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I find Python (and its ecosystem) to be full of strange conventions and inconsistencies and this is another example:

np.random.rand

Create an array of the given shape and populate it with random samples from a uniform distribution over [0, 1).

np.random.random

Return random floats in the half-open interval [0.0, 1.0). Results are from the “continuous uniform” distribution over the stated interval.

??? What exactly is the difference there?

15

First note that numpy.random.random is actually an alias for numpy.random.random_sample. I'll use the latter in the following. (See this question and answer for more aliases.)

Both functions generate samples from the uniform distribution on [0, 1). The only difference is in how the arguments are handled. With numpy.random.rand, the length of each dimension of the output array is a separate argument. With numpy.random.random_sample, the shape argument is a single tuple.

For example, to create an array of samples with shape (3, 5), you can write

sample = np.random.rand(3, 5)

or

sample = np.random.random_sample((3, 5))

(Really, that's it.)

  • right, so there is actually no difference. I wonder why we have two functions with different names that do the same thing.. IMHO they should clean this up. – SpaceMonkey Nov 10 '17 at 22:50
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    There are historical reasons for these, probably related to making the transition to Python+Numpy easier for Matlab programmers (c.f. Matlab's rand). Cleaning it up might cause more trouble than it is worth, because there is likely a lot of existing code that uses the different versions of the functions. – Warren Weckesser Nov 10 '17 at 22:56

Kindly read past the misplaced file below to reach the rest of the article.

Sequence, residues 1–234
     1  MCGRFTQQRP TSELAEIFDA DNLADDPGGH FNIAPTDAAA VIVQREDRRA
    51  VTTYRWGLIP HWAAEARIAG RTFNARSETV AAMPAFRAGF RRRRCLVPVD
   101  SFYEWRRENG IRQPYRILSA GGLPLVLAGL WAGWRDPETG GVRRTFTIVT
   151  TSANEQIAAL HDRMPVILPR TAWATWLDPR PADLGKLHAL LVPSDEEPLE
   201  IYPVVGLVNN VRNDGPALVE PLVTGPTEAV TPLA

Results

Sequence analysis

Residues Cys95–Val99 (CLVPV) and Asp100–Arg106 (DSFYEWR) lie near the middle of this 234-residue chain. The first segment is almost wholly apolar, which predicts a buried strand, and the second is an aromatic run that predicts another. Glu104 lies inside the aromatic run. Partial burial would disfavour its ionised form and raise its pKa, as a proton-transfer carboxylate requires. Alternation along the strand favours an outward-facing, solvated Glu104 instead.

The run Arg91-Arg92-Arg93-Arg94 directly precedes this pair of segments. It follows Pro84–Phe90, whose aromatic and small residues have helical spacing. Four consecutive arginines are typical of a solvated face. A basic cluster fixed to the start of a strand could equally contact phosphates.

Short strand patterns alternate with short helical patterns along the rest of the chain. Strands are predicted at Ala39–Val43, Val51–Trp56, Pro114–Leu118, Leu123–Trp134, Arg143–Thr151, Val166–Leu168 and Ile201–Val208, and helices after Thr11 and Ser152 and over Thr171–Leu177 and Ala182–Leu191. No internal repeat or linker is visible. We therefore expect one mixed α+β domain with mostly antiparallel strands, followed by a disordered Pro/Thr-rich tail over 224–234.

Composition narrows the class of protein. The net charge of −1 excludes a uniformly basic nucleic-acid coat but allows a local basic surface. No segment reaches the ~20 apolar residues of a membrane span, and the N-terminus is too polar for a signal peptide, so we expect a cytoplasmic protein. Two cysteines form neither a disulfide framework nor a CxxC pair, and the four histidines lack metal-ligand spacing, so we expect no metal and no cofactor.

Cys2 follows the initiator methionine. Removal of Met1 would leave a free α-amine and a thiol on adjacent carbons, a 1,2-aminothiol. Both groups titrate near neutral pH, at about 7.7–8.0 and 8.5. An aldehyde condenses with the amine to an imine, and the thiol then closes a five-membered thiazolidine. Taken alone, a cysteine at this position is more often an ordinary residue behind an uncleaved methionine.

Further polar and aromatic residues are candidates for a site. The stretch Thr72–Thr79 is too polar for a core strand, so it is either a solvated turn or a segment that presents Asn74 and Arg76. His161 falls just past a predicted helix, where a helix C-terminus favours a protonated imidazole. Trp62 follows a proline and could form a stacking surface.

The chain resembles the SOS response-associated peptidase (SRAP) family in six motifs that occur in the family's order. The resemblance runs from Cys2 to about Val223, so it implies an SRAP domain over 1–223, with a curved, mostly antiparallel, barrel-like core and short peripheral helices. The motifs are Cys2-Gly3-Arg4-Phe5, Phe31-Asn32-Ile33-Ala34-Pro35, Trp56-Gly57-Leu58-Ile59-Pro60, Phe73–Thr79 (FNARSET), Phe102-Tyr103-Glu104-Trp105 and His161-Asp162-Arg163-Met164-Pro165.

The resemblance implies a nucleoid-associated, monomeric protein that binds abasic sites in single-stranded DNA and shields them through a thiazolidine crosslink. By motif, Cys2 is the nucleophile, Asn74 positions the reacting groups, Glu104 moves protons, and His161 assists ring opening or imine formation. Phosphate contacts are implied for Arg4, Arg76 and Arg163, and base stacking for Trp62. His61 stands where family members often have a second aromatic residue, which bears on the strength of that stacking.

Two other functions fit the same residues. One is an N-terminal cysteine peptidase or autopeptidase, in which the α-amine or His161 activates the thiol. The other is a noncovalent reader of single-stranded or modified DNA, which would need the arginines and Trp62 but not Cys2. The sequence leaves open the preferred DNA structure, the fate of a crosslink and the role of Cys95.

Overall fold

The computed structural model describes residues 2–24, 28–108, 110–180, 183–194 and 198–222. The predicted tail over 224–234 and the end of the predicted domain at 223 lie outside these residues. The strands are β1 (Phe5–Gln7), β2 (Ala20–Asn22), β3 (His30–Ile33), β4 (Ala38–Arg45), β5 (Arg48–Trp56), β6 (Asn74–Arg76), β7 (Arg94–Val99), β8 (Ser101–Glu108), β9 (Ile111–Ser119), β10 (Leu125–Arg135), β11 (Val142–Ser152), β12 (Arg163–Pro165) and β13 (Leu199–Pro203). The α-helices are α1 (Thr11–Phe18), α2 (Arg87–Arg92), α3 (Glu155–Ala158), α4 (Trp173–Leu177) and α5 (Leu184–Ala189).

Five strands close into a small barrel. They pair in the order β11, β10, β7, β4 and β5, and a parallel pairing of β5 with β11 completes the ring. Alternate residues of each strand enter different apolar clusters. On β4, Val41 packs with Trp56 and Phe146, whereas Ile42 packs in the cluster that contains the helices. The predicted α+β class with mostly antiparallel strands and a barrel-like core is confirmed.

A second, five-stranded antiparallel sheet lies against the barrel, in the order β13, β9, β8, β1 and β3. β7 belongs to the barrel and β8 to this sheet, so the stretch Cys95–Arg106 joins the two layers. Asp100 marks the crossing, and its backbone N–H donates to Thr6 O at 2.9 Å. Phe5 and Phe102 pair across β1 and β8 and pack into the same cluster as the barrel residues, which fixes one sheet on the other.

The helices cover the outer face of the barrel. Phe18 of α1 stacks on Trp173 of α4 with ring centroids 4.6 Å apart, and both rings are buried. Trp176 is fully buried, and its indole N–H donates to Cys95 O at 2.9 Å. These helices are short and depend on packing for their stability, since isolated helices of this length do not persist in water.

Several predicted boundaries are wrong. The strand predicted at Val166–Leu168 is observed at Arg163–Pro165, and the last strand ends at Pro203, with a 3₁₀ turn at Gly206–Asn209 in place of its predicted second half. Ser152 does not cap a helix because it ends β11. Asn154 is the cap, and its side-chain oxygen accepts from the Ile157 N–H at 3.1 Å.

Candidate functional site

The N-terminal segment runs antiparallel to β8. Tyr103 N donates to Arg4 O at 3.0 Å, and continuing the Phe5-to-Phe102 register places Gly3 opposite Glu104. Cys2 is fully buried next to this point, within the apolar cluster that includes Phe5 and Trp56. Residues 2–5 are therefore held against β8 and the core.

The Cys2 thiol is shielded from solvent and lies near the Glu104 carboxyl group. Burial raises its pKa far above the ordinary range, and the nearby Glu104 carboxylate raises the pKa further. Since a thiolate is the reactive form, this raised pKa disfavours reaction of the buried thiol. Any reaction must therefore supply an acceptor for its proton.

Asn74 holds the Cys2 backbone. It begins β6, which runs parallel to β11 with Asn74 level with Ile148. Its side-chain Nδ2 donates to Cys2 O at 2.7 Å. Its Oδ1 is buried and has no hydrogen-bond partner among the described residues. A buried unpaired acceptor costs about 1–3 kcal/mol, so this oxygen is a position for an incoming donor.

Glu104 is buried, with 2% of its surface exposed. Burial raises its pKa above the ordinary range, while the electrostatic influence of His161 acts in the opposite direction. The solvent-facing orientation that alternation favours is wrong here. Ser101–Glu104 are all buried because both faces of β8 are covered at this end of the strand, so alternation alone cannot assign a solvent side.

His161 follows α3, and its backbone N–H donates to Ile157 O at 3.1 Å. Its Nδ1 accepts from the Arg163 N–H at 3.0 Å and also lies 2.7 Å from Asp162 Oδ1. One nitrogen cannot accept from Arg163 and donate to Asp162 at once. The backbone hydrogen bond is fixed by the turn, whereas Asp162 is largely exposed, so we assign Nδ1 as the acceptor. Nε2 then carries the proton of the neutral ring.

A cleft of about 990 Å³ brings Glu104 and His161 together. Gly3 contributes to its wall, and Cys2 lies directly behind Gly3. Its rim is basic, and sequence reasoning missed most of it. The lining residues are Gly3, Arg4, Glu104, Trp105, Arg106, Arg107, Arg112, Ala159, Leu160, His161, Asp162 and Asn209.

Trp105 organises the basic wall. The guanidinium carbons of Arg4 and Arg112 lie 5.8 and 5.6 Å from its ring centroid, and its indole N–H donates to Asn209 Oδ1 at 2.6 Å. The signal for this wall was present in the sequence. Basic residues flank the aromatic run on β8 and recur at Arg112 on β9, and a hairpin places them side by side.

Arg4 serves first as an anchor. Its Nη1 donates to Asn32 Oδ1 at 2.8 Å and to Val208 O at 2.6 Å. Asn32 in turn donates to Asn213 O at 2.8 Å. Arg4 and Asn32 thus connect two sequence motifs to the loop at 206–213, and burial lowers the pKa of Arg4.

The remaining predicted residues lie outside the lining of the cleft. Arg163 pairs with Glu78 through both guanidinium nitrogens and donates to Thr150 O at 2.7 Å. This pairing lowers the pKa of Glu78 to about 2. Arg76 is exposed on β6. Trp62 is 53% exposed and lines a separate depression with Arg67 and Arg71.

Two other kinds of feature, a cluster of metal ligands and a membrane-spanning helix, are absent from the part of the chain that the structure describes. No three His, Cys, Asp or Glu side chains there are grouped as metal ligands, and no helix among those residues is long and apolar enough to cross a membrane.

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    It does seem like Python's community values "quick hacks cuz it's easy for me" over consistency. The best example of this is the matplotlib's convention to use numbers like "112" to mean (1,1,2) when creating subplots.. anyway, thanks for your answer. – SpaceMonkey Nov 10 '17 at 22:58
  • Practically speaking, @WarrenWeckesser is probably right about not cleaning it up. That said, I felt exactly like SpaceMonkey when trying to remember the difference in parameter arguments to np.zeros((tuple dimensions arg)) vs. np.random.randn(dim1, dim2, dim3) – frank Jul 18 at 3:32

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